need for improvement in the predictability of domestic regulatory
environment in the US. For example, the issue of temporary entry of
Indian information technology professionals working for Indian as
well as American companies. Similarly, and more importantly, India
needs to improve the quality as well as predictability of its
Many US companies are reluctant to do trade with India because they
are unsure about the application of standards and treatment of
intellectual property rights in the Indian market. Also, there is a
sub-optimal risk management system in Indian ports, adding to time
and cost of “trading across borders”.
Both countries should, therefore, work together to improve their
domestic regulatory environment in specific areas to boost the
confidence of their companies to trade with each other. Other than
enhancing the volume of bilateral trade, this will also help
bilateral investment flows. As rightly pointed out by ambassador
Juster, investment follows trade, not the other way.
For instance, both the countries can explore the possibility of
joint intellectual property held by Indian and American companies.
This is an innovative means to allay fears about the violation of
intellectual property rights while trading with a foreign country.
As part of a periodic review of their comprehensive economic
partnership agreement, India and South Korea are exploring this
option, which can be extended to other major trading and strategic
partners, such as the US. Bothe the countries should compare
specific regulations adopted in their free trade agreements and see
how the gaps can be bridged through outcome-oriented initiatives.
Similarly, the Indian customs and the US customs can jointly work to
improve the risk management system in Indian ports. This will help
both Indian and American companies to make better use of Indian
ports for their supply-chain management. Such joint initiatives can
also be extended to other areas, such as drug inspection, conformity
assessment of sanitary and phyto-sanitary measures and technical
barriers to trade.
Partnership at the multilateral level
At the 11th ministerial conference of the WTO, held in Buenos Aires,
Argentina, in December 2017, the US trade representative, Robert
Lighthizer, called for institutional reforms in the multilateral
trade body, particularly in its dispute settlement system. Despite
the impasse in the negotiating function of the WTO, such reforms are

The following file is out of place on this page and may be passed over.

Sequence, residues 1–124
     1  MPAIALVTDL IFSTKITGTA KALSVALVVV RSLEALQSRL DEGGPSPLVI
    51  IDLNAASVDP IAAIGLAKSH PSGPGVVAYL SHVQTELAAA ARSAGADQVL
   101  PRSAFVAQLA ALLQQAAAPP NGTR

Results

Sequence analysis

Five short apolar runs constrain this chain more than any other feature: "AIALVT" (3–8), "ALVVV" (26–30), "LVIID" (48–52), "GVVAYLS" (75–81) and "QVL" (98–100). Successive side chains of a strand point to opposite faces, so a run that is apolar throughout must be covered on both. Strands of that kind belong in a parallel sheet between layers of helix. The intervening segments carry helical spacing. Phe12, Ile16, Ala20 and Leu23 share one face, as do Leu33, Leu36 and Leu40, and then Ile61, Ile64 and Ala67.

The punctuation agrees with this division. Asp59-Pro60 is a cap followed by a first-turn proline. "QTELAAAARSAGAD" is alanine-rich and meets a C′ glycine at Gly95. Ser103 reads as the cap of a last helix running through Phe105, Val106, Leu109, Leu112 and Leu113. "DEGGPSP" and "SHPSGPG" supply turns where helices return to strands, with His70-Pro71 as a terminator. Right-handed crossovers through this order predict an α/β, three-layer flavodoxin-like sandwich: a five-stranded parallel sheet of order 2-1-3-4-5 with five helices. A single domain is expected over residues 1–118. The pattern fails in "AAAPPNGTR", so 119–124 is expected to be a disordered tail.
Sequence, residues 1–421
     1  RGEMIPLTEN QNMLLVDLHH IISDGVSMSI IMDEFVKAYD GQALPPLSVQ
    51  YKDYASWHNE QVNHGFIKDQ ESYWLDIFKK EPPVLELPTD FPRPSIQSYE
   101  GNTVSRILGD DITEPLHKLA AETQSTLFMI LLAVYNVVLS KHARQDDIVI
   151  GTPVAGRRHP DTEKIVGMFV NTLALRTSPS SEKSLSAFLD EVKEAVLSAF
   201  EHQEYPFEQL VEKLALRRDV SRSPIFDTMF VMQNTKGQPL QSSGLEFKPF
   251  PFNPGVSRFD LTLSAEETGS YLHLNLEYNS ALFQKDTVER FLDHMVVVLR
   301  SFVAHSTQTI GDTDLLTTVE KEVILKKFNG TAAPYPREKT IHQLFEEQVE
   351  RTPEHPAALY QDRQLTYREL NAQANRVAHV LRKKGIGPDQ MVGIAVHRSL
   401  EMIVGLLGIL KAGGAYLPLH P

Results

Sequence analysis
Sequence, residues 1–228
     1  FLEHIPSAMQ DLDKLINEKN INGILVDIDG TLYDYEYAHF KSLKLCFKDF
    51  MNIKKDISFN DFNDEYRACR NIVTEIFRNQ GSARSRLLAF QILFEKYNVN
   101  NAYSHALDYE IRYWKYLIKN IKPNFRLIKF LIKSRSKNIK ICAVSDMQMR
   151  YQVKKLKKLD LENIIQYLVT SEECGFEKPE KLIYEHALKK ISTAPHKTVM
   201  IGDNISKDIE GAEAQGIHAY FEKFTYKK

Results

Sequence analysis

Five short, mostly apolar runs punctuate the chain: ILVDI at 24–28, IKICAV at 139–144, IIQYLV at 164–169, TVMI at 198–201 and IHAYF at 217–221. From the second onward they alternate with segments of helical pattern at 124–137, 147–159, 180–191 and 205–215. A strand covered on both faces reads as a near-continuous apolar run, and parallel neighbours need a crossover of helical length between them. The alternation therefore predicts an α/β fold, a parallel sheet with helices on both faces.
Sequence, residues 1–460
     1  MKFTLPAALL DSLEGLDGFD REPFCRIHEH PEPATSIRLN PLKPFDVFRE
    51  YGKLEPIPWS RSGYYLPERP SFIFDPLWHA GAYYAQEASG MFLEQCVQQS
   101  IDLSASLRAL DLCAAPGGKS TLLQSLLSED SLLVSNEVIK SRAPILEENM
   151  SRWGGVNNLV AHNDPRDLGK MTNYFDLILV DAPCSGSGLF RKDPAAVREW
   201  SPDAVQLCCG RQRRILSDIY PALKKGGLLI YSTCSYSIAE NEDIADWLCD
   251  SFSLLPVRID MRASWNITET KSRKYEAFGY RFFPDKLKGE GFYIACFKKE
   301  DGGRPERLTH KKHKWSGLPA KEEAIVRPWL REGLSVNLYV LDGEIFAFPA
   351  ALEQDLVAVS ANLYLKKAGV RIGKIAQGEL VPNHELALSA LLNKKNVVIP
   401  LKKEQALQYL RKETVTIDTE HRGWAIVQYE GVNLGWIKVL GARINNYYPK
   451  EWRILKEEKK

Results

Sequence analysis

needed for greater predictability in trade.
Also, it is important to understand that 21st century trade issues,
such as electronic commerce, including cross-cutting issues like
global value chains, services embedded in manufacturing, cannot be
dealt with a system developed mainly for addressing 20th century
trade challenges, which were mainly about reduction in tariffs.
India is also keen to see reforms at the WTO, albeit for different
reasons. Therefore, there is scope for India and the US to work
together to propose institutional reforms. This is despite the fact
that both the countries are at loggerheads at the WTO with disputes
on subjects like solar panels and poultry meat. However, this has
not deterred them from taking joint initiatives for the improvement
of the functioning of the WTO. In fact, that would build mutual
confidence in setting up a roadmap for a bilateral FTA, which can
then be used as a building block for taking forward the multilateral
Thus, there could joint proposals for improving the WTO’s dispute
settlement system so as to prevent other members to adopt
competitor-specific trade measures and use the existing system of
dispute settlement to gain market access. Also, there could be
reforms to enhance the role of the WTO’s councils and committees to
negotiate specific issues without waiting to resolve all issues, as
was originally envisaged in the built-in agenda of the Uruguay Round
India and the US working together for institutional reforms of the
multilateral trading system will not only strengthen this body but
will also act as a significant confidence-building measure for
enhancing bilateral ties. As articulated by ambassador Juster “… the
true value of our partnership is that it can better enable each of
us to positively influence global affairs …”
Therefore, we need to understand the underlying thoughts in Juster’s
address, which resonates perfectly with the overall thinking of
modern-day economic diplomacy. First, economic diplomacy starts with
trade and ends with trade and investment. And second, making trade
possible and making trade happen are two different things.
Through grounded research, extensive stakeholder consultations in
both countries, including taking into account strategic, security
and political aspects of our bilateral ties and those in the
Indo-Pacific region, we need to take specific confidence-building
measures to create a vision for this free trade agreement.
Pradeep S. Mehta and Bipul Chatterjee are secretary general and
executive director respectively of CUTS International, a global
think-and-action-tank on economic policy issues.